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Ah! miser ille tuo quanto felicius ævo

Perditus, at propter te, Leonora, foret!
Et te Pieria sensisset voce canentem

Aurea maternæ fila movere lyræ !
Quamis Dircæo torsisset lumina Pentheo a

Sævior, aut totus desipuisset iners,
Tu tamen errantes cæca vertigine sensus

Voce eadem poteras composuisse tua;
Et poteras, ægro spirans sub corde, quietem

Flexanimo cantu restituisse sibi.


CREDULA quid liquidam Sirena, Neapoli, jactas,

Claraque Parthenopese fana Acheloiados;
Littoreamque tua defunctam Naiada ripa,

Corpora Chalcidico sacra dedisse rogo?
Illa quidem vivitque, et amæna Tibridis unda

Mutavit rauci murmura Pausilipi.
Illic, Romulidum studiis ornata secundis,

Atque homines cantu detinet atque deos.

Quis expedivit Salmasio suam Hundredam,
Picamque docuit verba nostra conari ?
Magister artis venter, et Jacobæi
Centum, exulantis viscera marsupii regis.
Quod si dolosi spes refulserit nummi,
Ipse, Antichristi qui modo primatum Papæ

d For the story of Pentheus, a king of Thebes, see Euripides's "Bacchæ," where ho sees two suns, &c., v. 916. But Milton, in “ torsisset lumina," alludes to the rage of Pentheus in Ovid, “Metam." iii. 557:

Aspicit hunc oculis Pentheus, quos ira tremendos

Fecerat.-T. WARTOX. e Parthenope's tomb was at Naples: she was one of the sirens.-T. WARTOX.

i Pausilipi. The grotto of Pausilipo, which Milton no doubt had visited with delight.-TODD.

$ This Epigram is in Milton's “Defensio" against Salmasius; in the translation of which by Richard Washington, published in 1692, the Epigram is thus anglicized, p. 187:

Who taught Salmasius, that French chattering pye,
To aim at English, and Hundreda cry?
The starving rascal, flush'd with just a hundred
English Jacobusses, Hundreda blunder'd:
An outlaw d king's last stock.-A hundred more
Would make him pimp for the antichristian whore;
And in Rome's praise employ his poison'd breath,

Who threaten'd once to stink the pope to death.-T. WARTON. h King Charles II., now in exile, and sheltered in Holland, gave Salmasius, who was & professor at Leyden, one hundred Jacobuses to write his defence, 1649. Wood asserts that Salmasius had no reward for his book: he says, that in Leyden, the king sent Dr. Morley, afterwards bishop, to tho apologist, with his thanks, “but not with a purse of gold, as John Milton the impudent lyer reported.”—“Athen. Oxon.” ii. 770.T. WARTON.

This Epigram, as Mr. Warton observes, is an imitation of part of the Prologue to Persius's Satires.-TODD.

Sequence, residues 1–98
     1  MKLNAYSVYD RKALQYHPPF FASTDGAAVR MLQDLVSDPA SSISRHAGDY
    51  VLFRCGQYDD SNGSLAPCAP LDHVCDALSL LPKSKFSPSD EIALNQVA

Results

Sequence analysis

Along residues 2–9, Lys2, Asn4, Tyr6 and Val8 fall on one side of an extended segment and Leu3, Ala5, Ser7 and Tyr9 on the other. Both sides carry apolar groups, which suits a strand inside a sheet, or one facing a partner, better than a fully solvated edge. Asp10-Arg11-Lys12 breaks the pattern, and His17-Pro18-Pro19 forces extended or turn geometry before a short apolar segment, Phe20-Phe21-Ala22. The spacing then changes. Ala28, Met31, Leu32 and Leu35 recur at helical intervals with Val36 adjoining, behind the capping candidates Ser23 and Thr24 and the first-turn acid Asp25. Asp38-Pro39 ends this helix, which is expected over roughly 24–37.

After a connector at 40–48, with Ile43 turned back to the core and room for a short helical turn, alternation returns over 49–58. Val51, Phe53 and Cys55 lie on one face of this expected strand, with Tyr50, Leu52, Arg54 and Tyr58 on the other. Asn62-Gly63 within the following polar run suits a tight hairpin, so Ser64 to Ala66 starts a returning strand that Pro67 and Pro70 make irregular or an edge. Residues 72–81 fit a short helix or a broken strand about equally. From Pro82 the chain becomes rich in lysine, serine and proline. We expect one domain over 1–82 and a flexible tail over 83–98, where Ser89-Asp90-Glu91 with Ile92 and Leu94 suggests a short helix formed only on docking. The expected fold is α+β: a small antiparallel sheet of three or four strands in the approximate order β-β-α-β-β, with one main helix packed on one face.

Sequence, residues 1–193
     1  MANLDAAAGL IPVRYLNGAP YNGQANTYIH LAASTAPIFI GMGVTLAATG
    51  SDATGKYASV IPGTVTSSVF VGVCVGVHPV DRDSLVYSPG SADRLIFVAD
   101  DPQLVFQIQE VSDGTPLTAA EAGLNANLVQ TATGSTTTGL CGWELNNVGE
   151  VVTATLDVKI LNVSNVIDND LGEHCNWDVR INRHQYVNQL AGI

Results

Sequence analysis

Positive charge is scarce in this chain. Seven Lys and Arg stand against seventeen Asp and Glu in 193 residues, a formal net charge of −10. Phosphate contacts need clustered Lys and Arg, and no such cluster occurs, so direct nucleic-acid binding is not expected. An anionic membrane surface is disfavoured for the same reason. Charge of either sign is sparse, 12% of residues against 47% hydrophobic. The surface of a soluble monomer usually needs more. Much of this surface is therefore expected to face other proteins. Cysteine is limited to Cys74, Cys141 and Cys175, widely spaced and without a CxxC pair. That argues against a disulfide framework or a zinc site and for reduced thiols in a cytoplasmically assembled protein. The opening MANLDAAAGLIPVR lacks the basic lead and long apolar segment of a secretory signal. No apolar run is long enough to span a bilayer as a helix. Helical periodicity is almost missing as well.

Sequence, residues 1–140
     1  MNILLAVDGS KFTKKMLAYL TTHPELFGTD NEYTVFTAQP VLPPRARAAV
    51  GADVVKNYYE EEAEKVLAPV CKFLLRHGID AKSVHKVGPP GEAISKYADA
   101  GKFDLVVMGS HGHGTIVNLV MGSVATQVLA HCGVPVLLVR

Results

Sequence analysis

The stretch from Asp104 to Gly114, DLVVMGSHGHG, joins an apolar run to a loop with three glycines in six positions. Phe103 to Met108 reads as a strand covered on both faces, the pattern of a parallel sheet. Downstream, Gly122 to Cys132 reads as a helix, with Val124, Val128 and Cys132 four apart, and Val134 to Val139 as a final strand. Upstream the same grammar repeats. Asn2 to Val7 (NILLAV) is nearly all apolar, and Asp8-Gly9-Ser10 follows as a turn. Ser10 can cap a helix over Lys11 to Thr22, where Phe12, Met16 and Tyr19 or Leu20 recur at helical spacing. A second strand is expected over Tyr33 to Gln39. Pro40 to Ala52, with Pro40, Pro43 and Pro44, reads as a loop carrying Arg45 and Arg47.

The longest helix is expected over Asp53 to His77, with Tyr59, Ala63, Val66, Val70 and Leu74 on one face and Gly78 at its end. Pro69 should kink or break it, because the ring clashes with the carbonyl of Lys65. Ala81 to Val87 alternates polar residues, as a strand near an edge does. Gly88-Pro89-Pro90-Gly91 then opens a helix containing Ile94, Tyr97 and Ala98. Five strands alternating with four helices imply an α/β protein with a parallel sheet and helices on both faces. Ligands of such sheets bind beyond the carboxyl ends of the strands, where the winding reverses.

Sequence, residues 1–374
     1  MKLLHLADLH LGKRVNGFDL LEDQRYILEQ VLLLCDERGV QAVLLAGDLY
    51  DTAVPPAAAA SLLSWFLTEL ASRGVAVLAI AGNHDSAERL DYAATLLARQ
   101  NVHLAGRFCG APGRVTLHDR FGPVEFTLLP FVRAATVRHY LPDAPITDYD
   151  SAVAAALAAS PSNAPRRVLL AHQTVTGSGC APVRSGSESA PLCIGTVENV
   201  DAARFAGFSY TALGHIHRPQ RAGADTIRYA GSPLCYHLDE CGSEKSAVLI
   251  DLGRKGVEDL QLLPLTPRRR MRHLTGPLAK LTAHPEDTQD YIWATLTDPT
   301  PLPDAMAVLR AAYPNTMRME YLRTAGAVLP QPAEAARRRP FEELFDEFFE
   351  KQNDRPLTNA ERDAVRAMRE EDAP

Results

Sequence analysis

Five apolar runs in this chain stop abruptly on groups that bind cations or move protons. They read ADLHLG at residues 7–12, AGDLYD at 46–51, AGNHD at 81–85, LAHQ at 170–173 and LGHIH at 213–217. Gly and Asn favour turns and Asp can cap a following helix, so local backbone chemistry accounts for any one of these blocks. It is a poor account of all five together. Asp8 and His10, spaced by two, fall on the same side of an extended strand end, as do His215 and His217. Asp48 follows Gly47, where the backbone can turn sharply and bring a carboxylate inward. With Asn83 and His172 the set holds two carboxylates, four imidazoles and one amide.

Minatus uno est dissipare sufflatu,
Cantabit ultro Cardinalitium melos.

GAUDETE scombri, et quicquid est piscium salo,
Qui frigida hyeme incolitis algentes freta !
Vestrum misertus ille Salmasius, eques
Bonus, amicire nuditatem cogitat;
Chartæque largus, apparat papyrinos
Vobis cucullos, præferentes Claudii
Insignia, nomenque et decus, Salmasii ::
Gestetis ut per omne setarium forum
Equitis clientes, scriniis mungentium
Cubito virorum, et capsulis, gratissimos.


GALLI ex concubitu gravidam te, Pontia, Mori,

Quis bene moratam, morigeramque, neget?

RUSTICUS ex malo sapidissima poma quotannis

Legit, et urbano lecta dedit domino :
Hinc, incredibili fructus dulcedine captus,

Malum ipsam in proprias transtulit areolas.

i This is in the “Defensio Secunda." It is introduced with the following ridicule on Morus, the subject of the next Epigram, for having predicted the wonders to be worked by Salmasius's new edition, or rather reply :-"Tu igitur, ut pisciculus ille anteambulo, præcurris balænam Salmasium.” Mr. Steevens observes, that this is an idea analogous to Falstaff's—“Here do I walk before thee," &c., although reversed as to the imagery. -T. WARTox.

j Mr. Warton observes, that Milton here snecrs at a circumstance which was true : Salmasius was really of an ancient and noble family.--Todd.

k"Cubito mungentium," a cant appellation among the Romans for fishmongers. T. WARTON.

Christina, queen of Sweden, among other learned men who fed her vanity, had invited Salmasius to her court, where he wrote his “ Defensio.” She had pestered him with Latin letters seven pages long, and told him she would set out for Holland to fetch him if he did not come. When he arrived, he was often indisposed on account of the coldness of the climate; and on these occasions, the queen would herself call on him in a morning: and locking the door of his apartment, used to light his fire, give him breakfast, and stay with him some hours. This behaviour gave rise to scandalous stories, and our critic's wife grew jealous.—It is seemingly a slander, what was first thrown out in the “Mercurius Politicus," that Christina, when Salmasius had published this work, dismissed him with contempt, as a parasite and an advocate of tyranny: but the case was, to say nothing that Christina loved both to be flattered and to tyrannize, Salmasius had now been long preparing to return to Holland, to fulfil his engagements with the university of Leyden: she offered him large rewards and appointments to remain in Sweden, and greatly regretted his departure; and on his death, very shortly afterwards, she wrote bis widow a letter in French, full of concern for his loss, and respect for his memory. Such, however, was Christina's levity, or hypocrisy, or caprice, that it is possible she might have acted inconsistently in some parts of this business.T. WARTOx.

1 From Milton's “Defensio Secunda," and his “Responsio” to Morus's Supplement. This distich was occasioned by a report, that Morus had debauched a favourite waitingmaid of the wife of Salmasius, Milton's antagonist.-T. Wartox.

m This piece first appeared in the edition 1673.—TODD.

Hactenus illa ferax, sed longo debilis ævo,

Mota solo assueto, protinus aret iners.